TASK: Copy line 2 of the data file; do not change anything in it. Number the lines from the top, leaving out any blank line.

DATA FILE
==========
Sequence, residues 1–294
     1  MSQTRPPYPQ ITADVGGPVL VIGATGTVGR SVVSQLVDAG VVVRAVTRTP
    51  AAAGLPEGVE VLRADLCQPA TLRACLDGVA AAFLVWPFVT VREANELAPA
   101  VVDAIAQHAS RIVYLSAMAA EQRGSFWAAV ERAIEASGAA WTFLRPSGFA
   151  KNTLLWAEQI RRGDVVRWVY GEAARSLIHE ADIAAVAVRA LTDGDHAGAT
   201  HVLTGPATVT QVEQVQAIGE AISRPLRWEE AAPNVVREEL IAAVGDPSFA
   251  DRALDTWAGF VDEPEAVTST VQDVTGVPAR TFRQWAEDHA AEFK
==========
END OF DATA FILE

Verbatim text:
     1  MSQTRPPYPQ ITADVGGPVL VIGATGTVGR SVVSQLVDAG VVVRAVTRTP